This got me to thinking about whether college students here in the U.S. make a “rational choice” (meaning they will feel no regret about their choice years later) regarding their own labor-leisure tradeoff. Last week, the Chronicle ran an article (dated July 29 in the online edition, the link requires a subscription) about an anthropology professor going underground to play the role of a student at her institution, characterized as a non-elite university. One of her principal findings is that students do anything and everything out of “a sense of fun.” Potentially, the fun could be quite elevating. My boss and I frequently speak of having our staff engaged in play as they explore new technologies and new approaches. Play definitely can be educational. The depressing thing, however, about this article in particular and about much of the discussion on student engagement in general is the apparent equating of fun with hedonism. Thus, I fear that many students are implicitly making the following choice:
“I know that I’m going to work hard once I enter the real world. College
is my last hurrah and I’m going to make the most of it by partying as much as I
can during my college years.”
Given my training, it helps me to think of this from an economics perspective. The basic economic model of labor supply has a person’s time devoted to either work or leisure. Work means (in the model) that one does what the employer wants while leisure means doing what the individual wants. There is no direct disutility from work (except in jobs that create health risks or some other type of externality) but one doesn’t have the ability to control how that time is used, so there is an opportunity cost of time from working.
In applying that basic model, I teach my students that we can only measure market work. We can’t measure non-market work (child care is the biggie, but there is also house keeping, gardening, home repair, etc.) where an individual supplies the labor themselves and there is no financial transaction. So non-market work gets counted as leisure for measurement purposes. This makes it intuitive for the students to understand that starting at a low wage level, people tend to work more as the wage rises (because they go to the market for some of the labor they had been supplying themselves) but once the wage gets high enough people tend to work less as their wage rises (because they want to take more leisure).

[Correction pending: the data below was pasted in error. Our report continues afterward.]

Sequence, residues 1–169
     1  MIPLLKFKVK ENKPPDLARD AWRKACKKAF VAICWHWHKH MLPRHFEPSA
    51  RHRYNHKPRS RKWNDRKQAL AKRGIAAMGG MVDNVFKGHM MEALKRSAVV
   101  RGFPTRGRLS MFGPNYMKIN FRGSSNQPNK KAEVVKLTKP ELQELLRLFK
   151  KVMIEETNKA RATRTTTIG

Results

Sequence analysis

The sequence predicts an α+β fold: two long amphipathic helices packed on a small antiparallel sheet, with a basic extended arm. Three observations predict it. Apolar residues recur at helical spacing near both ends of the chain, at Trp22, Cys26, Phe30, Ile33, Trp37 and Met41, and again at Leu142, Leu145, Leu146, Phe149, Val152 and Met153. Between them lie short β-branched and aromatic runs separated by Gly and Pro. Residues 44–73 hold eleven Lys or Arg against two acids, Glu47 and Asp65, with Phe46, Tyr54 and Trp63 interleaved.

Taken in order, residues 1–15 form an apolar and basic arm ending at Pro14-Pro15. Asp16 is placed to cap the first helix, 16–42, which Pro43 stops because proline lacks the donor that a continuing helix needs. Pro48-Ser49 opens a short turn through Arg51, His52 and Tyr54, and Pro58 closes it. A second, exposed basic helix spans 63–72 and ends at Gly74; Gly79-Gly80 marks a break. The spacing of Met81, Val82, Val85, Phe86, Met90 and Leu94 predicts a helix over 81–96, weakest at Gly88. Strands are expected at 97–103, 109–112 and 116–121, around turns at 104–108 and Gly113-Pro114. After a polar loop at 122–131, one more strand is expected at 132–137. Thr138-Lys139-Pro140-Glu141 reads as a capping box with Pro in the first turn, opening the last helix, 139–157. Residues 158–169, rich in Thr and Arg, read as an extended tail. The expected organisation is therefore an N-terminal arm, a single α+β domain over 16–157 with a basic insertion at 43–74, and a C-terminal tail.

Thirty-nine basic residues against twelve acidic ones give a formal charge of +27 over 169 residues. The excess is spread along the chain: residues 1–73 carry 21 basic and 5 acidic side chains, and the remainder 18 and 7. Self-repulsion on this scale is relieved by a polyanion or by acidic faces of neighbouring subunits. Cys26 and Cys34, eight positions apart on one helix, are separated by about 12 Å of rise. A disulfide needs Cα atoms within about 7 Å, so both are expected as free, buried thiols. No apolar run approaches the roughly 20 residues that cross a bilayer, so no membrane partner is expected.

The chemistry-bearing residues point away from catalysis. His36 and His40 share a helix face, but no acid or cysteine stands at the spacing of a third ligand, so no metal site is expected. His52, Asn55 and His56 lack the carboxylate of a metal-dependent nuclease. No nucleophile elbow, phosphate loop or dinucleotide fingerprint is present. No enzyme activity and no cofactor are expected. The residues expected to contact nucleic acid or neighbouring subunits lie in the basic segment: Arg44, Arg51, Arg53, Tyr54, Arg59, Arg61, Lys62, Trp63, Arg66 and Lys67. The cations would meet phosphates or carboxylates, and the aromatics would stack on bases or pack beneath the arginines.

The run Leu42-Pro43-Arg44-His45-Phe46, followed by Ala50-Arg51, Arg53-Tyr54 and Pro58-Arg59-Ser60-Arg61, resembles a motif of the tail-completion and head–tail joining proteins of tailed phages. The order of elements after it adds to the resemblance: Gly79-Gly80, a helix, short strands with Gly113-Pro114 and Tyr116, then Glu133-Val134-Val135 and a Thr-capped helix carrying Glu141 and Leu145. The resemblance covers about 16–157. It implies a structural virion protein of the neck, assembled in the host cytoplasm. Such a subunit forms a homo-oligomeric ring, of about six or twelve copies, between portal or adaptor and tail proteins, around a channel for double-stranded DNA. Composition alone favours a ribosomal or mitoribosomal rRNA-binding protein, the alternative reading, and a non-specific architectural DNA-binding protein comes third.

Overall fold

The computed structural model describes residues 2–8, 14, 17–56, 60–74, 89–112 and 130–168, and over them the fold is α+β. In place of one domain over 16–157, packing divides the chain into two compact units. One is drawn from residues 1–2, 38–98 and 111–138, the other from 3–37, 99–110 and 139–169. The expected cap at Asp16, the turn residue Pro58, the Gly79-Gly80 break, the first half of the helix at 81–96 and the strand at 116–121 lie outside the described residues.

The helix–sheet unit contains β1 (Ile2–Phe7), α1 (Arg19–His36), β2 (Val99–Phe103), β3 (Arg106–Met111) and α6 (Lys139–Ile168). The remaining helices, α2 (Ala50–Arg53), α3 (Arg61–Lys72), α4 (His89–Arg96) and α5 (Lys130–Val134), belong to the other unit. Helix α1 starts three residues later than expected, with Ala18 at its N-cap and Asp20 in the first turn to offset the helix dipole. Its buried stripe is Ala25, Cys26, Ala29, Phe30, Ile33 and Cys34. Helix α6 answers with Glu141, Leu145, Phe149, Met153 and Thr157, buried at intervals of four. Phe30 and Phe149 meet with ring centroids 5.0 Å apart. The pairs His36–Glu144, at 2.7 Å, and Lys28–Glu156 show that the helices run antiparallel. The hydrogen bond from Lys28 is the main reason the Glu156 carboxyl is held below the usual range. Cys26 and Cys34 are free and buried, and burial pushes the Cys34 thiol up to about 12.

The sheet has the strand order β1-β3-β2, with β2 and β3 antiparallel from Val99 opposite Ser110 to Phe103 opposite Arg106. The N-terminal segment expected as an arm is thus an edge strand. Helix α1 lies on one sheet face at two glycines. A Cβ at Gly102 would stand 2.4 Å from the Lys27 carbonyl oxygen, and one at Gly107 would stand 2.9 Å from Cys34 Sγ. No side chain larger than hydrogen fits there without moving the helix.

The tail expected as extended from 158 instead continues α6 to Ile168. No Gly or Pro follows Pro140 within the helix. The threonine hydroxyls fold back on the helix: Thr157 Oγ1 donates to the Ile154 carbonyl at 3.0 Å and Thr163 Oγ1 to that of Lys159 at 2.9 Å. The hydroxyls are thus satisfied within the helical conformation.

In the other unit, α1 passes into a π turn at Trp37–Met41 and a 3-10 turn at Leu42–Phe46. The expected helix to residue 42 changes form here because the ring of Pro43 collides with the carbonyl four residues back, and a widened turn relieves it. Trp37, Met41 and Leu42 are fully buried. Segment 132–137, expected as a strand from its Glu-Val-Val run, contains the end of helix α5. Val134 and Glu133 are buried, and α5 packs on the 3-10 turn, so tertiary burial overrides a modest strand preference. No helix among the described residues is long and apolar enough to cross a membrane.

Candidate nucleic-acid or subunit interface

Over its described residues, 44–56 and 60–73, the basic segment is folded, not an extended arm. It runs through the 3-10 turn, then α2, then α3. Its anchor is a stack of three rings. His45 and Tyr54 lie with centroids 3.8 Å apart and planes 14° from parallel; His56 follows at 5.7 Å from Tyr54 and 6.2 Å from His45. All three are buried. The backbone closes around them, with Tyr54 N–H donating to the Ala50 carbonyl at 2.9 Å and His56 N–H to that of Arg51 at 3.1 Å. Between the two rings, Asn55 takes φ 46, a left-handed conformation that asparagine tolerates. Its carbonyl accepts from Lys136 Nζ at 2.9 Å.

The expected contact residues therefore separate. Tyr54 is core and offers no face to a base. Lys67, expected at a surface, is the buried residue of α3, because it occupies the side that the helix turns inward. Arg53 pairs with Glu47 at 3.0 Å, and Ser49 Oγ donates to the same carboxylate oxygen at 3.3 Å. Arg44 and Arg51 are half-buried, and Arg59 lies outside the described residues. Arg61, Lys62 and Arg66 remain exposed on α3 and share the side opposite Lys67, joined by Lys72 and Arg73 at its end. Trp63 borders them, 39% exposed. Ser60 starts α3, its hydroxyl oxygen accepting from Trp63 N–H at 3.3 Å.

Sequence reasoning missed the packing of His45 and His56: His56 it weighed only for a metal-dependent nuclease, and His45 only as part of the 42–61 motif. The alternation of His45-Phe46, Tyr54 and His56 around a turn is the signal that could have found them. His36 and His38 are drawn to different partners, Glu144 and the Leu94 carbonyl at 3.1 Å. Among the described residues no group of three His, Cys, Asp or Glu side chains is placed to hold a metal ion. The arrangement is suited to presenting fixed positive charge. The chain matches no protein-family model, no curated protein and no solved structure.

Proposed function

Using that as a basis, one can push the students further and ask whether in fact some people get direct satisfaction from the time they spend at work (they like the job independent of the money they receive from doing it) or, conversely, whether leisure time can prove productive. I did this indirectly in a Discovery course (small course intended for freshmen to be taught by tenure track faculty) that I taught a few years ago. I asked the students the following question: Who works harder, the weak student or the strong student? The response I got surprised me. Perhaps 15 of the twenty students said it was the weaker student who works harder, presumably to compensate for the weakness. As I recall, only one student talked about weaker students possibly becoming discouraged and giving up and only a few made the point that the stronger students like doing the work so they may do more of it.
As I said, I found the response surprising because it seemed to indicate an extreme instrumentalism in the students – students take the course to get a good grade in it and that’s all – nothing about the joy of learning, the benefit in getting perspectives that were new to them, or the intrigue of the underlying subject matter. This instrumentalism may be what others have termed “student pragmatism.” But whereas some, including myself, have argued to accommodate the pragmatism to some degree, I think we need to combat this instrumentalism by making students more aware of possible alternatives.
It may very well be that we can increase the chance of success by focusing on student perceptions of leisure rather than by trying to convince the students that course work is a path to personal satisfaction.